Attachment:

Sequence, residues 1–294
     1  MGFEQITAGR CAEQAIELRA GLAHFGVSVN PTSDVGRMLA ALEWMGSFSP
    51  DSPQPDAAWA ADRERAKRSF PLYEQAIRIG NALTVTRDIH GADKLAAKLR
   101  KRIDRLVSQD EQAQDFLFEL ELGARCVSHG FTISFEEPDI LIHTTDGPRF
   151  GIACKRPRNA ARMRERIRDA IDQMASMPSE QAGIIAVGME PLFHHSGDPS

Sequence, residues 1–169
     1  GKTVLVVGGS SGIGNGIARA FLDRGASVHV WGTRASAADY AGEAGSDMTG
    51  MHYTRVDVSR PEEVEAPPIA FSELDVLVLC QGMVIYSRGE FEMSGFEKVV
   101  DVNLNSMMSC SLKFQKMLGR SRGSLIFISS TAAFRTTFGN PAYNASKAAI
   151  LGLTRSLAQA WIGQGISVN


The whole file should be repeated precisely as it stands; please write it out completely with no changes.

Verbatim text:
Sequence, residues 1–294
     1  MGFEQITAGR CAEQAIELRA GLAHFGVSVN PTSDVGRMLA ALEWMGSFSP
    51  DSPQPDAAWA ADRERAKRSF PLYEQAIRIG NALTVTRDIH GADKLAAKLR
   101  KRIDRLVSQD EQAQDFLFEL ELGARCVSHG FTISFEEPDI LIHTTDGPRF
   151  GIACKRPRNA ARMRERIRDA IDQMASMPSE QAGIIAVGME PLFHHSGDPS

Sequence, residues 1–169
     1  GKTVLVVGGS SGIGNGIARA FLDRGASVHV WGTRASAADY AGEAGSDMTG
    51  MHYTRVDVSR PEEVEAPPIA FSELDVLVLC QGMVIYSRGE FEMSGFEKVV
   101  DVNLNSMMSC SLKFQKMLGR SRGSLIFISS TAAFRTTFGN PAYNASKAAI
   151  LGLTRSLAQA WIGQGISVN